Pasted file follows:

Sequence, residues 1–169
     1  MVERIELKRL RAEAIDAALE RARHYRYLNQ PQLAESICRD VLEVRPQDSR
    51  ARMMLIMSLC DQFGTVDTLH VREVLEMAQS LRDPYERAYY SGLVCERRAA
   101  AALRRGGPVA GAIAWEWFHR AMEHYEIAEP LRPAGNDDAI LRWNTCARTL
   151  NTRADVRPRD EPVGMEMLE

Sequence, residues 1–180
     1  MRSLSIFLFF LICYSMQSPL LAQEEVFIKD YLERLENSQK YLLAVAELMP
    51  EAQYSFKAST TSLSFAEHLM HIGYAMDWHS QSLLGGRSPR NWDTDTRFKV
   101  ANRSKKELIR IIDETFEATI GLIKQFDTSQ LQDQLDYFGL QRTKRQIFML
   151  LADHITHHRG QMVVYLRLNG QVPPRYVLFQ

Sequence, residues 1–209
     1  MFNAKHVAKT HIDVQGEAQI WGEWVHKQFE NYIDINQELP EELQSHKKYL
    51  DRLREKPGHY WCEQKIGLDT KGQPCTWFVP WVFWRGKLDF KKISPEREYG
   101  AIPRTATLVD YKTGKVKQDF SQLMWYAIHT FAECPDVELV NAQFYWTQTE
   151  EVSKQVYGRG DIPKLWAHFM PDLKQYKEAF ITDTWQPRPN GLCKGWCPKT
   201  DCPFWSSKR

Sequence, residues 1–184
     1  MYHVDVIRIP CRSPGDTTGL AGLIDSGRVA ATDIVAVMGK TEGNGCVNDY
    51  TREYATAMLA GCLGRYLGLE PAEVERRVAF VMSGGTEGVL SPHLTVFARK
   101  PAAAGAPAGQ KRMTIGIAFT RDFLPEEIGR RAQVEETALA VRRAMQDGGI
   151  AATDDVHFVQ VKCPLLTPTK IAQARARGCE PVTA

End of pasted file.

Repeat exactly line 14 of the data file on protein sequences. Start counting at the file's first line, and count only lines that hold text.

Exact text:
   101  AIPRTATLVD YKTGKVKQDF SQLMWYAIHT FAECPDVELV NAQFYWTQTE